Will radical right-wing politics and an anti-fact agenda sink Canada’s conservative coalition?
Politics | Gregory Beatty | March 10, 2002
Before Vladimir Putin went insane in Ukraine, the year’s biggest news story — in Canada anyway — was the protests over Covid restrictions. Given its clear partisan politics (demonstrators were proudly anti-Trudeau and were supported by right-wing politicians) and overwhelming ridiculousness, I thought I’d ask my Magic Eightball if Canada’s conservative movement has jumped the shark and gone full-on Trump populist.
“Signs point to yes,” it replied. There you have it, straight from the Magic Eightball.
Not that anyone needs a fortune-telling novelty toy to figure out that Canada’s right wing has lost its way, if not it’s mind. Just look at what’s happened, federally and provincially, in the last couple of months.
On Wednesday, Feb. 2, federal Conservative leader Erin O’Toole was dumped by a 73–45 caucus vote. Manitoba Member of Parliament Candice Bergen — who once famously posed in a camo MAGA hat — was appointed interim leader.
The O’Toole coup came in the early days of truck convoy protests that besieged Canada, wreaking havoc in Ottawa (and gumming up other Canadian cities), and blocking billions in trade at Windsor’s Ambassador Bridge (with smaller blockades at Coutts, Alberta and Emerson, Manitoba).
The night O’Toole was ousted, Saskatchewan MPs Andrew Scheer, Kevin Waugh and Fraser Tolmie gave a thumbs-up to the convoy in a photo with Senator Denise Batters and Sask. MP Rosemarie Falk under a Saskatchewan flag. Batters bookended that endorsement nicely on Feb. 23 when she described the protestors as “friendly” and “patriotic”, and claimed they’d been unfairly maligned by the “chattering classes.”
“Friendly”? “Patriotic”? Never mind that a stated goal of convoy organizers was to overthrow the country’s legally elected federal government. Or the three weeks of non-stop diesel fumes and truck exhaust smothering downtown Ottawa citizens and businesses, along with ear-splitting noise, harassment and abuse, and the less-than-comforting knowledge protestors were stockpiling fuel in their urban neighbourhood.
Early in Alberta’s two-week Coutts blockade, meanwhile, a United Conservative Party MLA showed up to voice support. That later proved awkward, after RCMP arrested 13 members of a far-right militia that had brought a cache of weapons to the standoff.
Oh yeah, and on Feb. 16 Jason Kenney and Scott Moe co-signed a letter with 16 U.S. Republican governors urging their respective federal governments to yield to the protestors’ Covid demands.
There’s more (such as Moe removing Covid restrictions while maintaining a state of emergency to suspend healthcare workers’ labour rights), but you get the point.
Conservatives chucked rational Canadians under the bus for a bunch of shouty, proudly misinformed jerks.
Jumped the shark? More like nuked the fridge.
Tripping On The Trump Stump
A Trump-style takeover is harder to pull off in a multi-party parliamentary system like Canada’s than it is the U.S.’s two-party system, says University of Saskatchewan political scientist Charles Smith. Still, conservative Canada is definitely engaged in a tug-of-war for the movement’s soul.
“The far-right is far more mobilized coming out of this pandemic than I think any of us would’ve predicted two years ago,” Smith says. “And the mainstream right is terrified of them fracturing the movement, or even taking over.”
O’Toole fell out of favour when he courted that faction to win the leadership in August 2020, then softened some core Conservative policies to try to broaden the party’s appeal to centre/left Canadian voters. The move was necessary, he argued, to avoid a repeat of the 2019 federal election. The Conservatives won more votes than any other party1. But thanks to the party’s support being heavily concentrated in western Canada, it failed to capture enough seats in urban and suburban Canada to form government.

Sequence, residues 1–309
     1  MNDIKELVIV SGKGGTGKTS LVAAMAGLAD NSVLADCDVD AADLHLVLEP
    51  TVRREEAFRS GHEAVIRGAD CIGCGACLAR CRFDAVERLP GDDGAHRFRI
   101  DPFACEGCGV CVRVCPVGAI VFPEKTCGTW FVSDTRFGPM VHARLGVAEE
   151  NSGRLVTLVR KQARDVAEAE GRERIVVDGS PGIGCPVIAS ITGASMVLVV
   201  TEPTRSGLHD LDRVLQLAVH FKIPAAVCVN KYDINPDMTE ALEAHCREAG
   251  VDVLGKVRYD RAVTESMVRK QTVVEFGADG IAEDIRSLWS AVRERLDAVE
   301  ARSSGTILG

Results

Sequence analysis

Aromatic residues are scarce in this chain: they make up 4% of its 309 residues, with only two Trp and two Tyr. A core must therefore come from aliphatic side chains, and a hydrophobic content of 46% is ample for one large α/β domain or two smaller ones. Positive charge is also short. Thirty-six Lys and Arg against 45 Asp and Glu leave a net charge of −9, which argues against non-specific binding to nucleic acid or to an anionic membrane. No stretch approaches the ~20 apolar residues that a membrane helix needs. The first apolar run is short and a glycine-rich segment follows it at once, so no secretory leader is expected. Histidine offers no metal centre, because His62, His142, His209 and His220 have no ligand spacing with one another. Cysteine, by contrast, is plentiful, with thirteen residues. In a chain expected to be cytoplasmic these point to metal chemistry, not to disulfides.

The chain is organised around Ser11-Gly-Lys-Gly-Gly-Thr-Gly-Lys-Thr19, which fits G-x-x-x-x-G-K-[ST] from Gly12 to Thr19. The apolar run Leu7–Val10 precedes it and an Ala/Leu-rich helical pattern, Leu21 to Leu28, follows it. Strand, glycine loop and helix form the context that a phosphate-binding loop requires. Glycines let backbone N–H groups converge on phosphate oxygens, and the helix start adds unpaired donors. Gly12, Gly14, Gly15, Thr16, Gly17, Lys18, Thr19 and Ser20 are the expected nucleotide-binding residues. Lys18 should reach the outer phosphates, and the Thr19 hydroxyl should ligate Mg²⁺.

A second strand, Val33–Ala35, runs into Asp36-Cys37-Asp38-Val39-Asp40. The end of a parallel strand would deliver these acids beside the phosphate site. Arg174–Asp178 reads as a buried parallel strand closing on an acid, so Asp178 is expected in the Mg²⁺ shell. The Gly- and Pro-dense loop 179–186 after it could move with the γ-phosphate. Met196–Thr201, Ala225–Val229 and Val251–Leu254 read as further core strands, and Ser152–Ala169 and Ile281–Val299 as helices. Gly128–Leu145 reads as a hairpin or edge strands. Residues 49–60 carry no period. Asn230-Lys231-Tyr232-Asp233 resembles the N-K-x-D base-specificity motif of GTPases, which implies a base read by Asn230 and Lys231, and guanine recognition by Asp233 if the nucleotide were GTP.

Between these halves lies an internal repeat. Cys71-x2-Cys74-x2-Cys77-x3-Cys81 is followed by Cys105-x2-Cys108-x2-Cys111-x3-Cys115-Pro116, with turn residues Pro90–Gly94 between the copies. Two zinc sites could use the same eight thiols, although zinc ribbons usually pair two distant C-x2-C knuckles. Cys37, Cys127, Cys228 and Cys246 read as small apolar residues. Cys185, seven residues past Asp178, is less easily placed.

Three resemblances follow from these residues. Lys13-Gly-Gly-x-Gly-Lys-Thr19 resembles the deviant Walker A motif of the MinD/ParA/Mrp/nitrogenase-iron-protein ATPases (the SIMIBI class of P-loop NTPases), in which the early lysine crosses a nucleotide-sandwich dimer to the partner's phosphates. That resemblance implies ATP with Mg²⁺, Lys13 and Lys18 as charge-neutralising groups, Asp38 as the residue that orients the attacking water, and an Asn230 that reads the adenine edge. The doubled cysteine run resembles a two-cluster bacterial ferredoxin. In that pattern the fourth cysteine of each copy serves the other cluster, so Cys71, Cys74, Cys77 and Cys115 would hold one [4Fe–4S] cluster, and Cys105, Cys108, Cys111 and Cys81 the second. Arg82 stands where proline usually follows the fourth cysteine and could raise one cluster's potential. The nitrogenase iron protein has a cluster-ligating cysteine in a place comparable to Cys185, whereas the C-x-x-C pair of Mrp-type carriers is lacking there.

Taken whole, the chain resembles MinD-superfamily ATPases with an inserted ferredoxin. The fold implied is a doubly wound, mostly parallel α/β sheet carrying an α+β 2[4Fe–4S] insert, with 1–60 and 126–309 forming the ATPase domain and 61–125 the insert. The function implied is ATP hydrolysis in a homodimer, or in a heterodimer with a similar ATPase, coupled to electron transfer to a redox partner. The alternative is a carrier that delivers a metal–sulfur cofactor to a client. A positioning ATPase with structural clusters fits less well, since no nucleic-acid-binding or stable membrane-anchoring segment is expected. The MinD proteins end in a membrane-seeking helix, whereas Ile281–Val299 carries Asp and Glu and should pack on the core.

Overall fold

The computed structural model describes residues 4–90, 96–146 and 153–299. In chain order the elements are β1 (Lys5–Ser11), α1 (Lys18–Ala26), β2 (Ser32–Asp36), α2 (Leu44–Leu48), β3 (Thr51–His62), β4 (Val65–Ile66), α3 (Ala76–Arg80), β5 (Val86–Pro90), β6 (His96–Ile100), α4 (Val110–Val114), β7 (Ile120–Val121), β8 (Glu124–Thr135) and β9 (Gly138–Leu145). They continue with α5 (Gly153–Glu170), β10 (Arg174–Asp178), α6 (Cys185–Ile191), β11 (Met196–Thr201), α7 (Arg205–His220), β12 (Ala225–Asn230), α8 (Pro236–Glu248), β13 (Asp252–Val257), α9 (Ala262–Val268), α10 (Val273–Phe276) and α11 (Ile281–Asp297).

Supporters felt betrayed by O’Toole’s move to moderate policies.
“It’s definitely true that to win the leadership you have to appease social and western conservatives,” says Simon Enoch, Saskatchewan head of Canadian Centre for Policy Alternatives. “But to do that, you have to promise to deliver on policies the vast majority of Canadians dislike.”
The party leadership convention has been set for September. Ottawa-area MP Pierre Poliviere appears to be the early front-runner, says Enoch.
“At this point, he seems to be the anointed one,” he says. “My question is, can he find common ground with the elements in the party that are more electorally appetizing for Canadians? So far, he’s not been very good at showing a moderate face. He’s a dyed-in-the-wool conservative attack dog and has the record to show for it.”
Twice now, with Scheer in 2019 and O’Toole last September, Conservatives’ have struck out with their “change the messenger, not the message” election strategy. With Poilievre in charge, would the third at-bat be the charm?
Smith is skeptical.
“The problem with moving hard-right is that for the Conservatives to win they have to outperform the Liberals in key battlegrounds where hard-right messages are much tougher to sell. There is a danger for the party if they move too far to the right,” Smith says.
“But at the same time, I think Conservatives are nervous about splitting the right-wing vote with the likes of Maxine Bernier and Peoples Party of Canada. They are trying to navigate that terrain,” he says.
The PPC are still seatless after two elections, but their vote share climbed from 1.62 per cent in 2019 to 4.94 per cent in 2021. That might not be surprising since, in the 2017 Conservative leadership race, Bernier finished a strong second to Scheer on the thirteenth ballot.
Feeling they’ve been burned by O’Toole, hard-right conservatives likely won’t be keen to compromise on policy with the new leader — not with Bernier there to woo them.
“There are obviously strong elements of libertarianism in the Conservative party, so internally they have this struggle going on,” says Smith. “And if that wing wins, it becomes a lot harder for them to form government [because] most Canadians are not there.”
Tough Trek To Victory
Like in 2019 the Conservatives once again got slightly more votes than the Liberals in last fall’s election2. But again, they failed to win enough urban seats to form government.
Still, they were in the hunt. So maybe third time could be a charm?